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Bonnie and Clyde (Two-Disc Special Edition)

4.4 out of 5 stars 78 customer reviews

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Product Details

  • Actors: Faye Dunaway, Warren Beatty
  • Format: Closed-captioned, Color, DVD-Video, Full Screen, NTSC, Original recording remastered, Restored, Special Edition, Subtitled, Widescreen
  • Language: English
  • Subtitles: English, French, Korean
  • Region: Region 1 (US and Canada This DVD will probably NOT be viewable in other countries. Read more about DVD formats.)
  • Number of discs: 2
  • Canadian Home Video Rating : Ages 14 and over
  • Studio: Warner Bros. Home Video
  • Release Date: March 25 2008
  • Run Time: 111 minutes
  • Average Customer Review: 4.4 out of 5 stars 78 customer reviews
  • ASIN: B0010YVCI4
  • Amazon Bestsellers Rank: #30,895 in DVD (See Top 100 in DVD)
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Product Description

Product Description

Bonnie and Clyde: Special Edition (DVD)


One of the landmark films of the 1960s, Bonnie and Clyde changed the course of American cinema. Setting a milestone for screen violence that paved the way for Sam Peckinpah's The Wild Bunch, this exercise in mythologized biography should not be labeled as a bloodbath; as critic Pauline Kael wrote in her rave review, "it's the absence of sadism that throws the audience off balance." The film is more of a poetic ode to the Great Depression, starring the dream team of Warren Beatty and Faye Dunaway as the titular antiheroes, who barrel across the South and Midwest robbing banks with Clyde's brother Buck (Gene Hackman), Buck's frantic wife Blanche (Estelle Parsons), and their faithful accomplice C.W. Moss (the inimitable Michael J. Pollard). Bonnie and Clyde is an unforgettable classic that has lost none of its power since the 1967 release. --Jeff Shannon --This text refers to an out of print or unavailable edition of this title.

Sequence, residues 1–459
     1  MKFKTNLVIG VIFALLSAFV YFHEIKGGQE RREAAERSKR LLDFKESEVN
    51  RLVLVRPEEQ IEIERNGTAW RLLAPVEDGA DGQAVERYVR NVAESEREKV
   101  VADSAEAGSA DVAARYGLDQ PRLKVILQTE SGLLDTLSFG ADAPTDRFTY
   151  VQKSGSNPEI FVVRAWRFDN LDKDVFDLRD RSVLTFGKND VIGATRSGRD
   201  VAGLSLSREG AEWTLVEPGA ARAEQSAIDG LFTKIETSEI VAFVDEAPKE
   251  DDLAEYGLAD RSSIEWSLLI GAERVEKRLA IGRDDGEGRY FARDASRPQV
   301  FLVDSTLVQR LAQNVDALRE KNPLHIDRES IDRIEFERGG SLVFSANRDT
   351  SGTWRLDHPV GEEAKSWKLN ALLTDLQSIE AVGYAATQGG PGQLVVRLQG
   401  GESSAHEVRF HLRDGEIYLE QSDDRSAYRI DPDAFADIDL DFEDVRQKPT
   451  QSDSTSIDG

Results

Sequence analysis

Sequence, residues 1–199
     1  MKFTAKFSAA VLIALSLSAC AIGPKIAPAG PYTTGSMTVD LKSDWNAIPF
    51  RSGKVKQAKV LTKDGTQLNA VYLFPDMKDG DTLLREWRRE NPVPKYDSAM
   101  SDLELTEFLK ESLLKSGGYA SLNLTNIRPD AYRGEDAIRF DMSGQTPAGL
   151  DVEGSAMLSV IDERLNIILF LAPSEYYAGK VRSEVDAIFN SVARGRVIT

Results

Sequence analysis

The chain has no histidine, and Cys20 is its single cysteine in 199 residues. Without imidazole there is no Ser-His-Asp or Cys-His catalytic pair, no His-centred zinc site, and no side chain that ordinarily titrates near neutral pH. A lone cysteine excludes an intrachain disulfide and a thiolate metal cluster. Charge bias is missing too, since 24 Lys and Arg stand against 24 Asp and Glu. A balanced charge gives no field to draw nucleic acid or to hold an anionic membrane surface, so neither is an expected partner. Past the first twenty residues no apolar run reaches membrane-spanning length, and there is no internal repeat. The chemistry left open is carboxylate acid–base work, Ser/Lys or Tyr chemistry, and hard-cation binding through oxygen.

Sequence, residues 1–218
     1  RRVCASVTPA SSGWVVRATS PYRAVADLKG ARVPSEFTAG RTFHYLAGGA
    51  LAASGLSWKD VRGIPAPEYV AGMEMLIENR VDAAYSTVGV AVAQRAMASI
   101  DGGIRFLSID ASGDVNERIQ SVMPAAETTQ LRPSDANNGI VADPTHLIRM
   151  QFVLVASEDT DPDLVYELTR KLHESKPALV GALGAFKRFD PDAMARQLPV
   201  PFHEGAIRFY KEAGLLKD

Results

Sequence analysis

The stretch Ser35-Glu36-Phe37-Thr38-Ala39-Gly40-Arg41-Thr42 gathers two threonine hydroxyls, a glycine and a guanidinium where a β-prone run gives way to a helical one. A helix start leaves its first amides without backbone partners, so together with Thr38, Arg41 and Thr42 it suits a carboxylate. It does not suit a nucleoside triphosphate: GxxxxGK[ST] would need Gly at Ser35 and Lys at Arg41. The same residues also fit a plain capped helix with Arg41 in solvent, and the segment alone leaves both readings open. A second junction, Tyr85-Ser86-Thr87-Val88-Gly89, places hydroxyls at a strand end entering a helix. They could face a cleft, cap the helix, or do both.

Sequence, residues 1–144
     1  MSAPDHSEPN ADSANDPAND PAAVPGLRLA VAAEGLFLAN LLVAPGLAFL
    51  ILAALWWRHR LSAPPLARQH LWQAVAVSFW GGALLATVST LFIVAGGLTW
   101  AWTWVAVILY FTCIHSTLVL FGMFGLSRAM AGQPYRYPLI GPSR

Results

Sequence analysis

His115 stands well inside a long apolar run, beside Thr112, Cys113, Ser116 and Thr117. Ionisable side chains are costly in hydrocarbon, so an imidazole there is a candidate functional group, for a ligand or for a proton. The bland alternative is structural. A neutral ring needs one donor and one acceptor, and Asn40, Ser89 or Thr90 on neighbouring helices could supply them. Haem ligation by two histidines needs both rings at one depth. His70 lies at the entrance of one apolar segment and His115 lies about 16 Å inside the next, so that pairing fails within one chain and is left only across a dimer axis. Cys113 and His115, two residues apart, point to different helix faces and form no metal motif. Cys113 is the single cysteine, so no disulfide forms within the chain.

Customer Reviews

Top Customer Reviews

Format: DVD
I wasn't really expecting to like this film, but it has become one of my favourites. The interplay between Beatty and Dunaway is fantastic, Dunaway leaves a lasting impression. It keeps you hooked from the start, and the way it is filmed it is clear how French cinema of the sixties had a big influence. The bonus DVD is not bad, though like most bonus DVDs could always be better. If you collect classic cinema then this has to be in it.
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Format: DVD
To me, the best film of 1967 (above the other landmark film of that year, The Graduate), and one of the most startling films ever made. I think that the "modern era" of moviemaking begins with Bonnie and Clyde." It's really about a "family" of bankrobbers who owe much of their success to the press; the newspapers make it seem as if they intend to terrorize every small town that has a bank to begin with. And so the Barrow gang becomes legendary during the depression, and heroes to some because they are against the government that is taking so much away from the "little people." Although much praised, "Bonnie and Clyde" was controversial in its day, partly because of the considerable bloodshed and partly because audiences felt bad for the two criminals. As one character says, "they're just a bunch of kids!" This is one of the rare films in which the violence punctuates the story--it makes the viewing experience more powerful. Because of it, one watches much of the film in a state of apprehension.
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Format: DVD
Trust Hollywood to turn two common criminals into two American folk heroes. Clyde Barrow and Bonnie Parker were two small-town young people drifting aimlessly during the Great Depression of the 1930's; she's bored out of her gourd, and he's a felon who had killed fourteen men by the time he met his end at the ripe old age of twenty-four. They meet, fall sort of in love, and embark on a petty crime spree. At first it's all good-humored fun; they steal a couple of cars, hold up a couple of stores, and in a moment of hilarious insanity, Clyde attempts to rob a bank that went bust a week before, much to the amusement of the banker and Bonnie, who's collapsing with laughter over the steering wheel. But then a storekeeper takes offense at Clyde attempting to hold him up, and is pistol-whipped by Clyde in his frantic efforts to escape. Once the batterer storekeeper ID's Clyde's photo to the cops, things turn serious.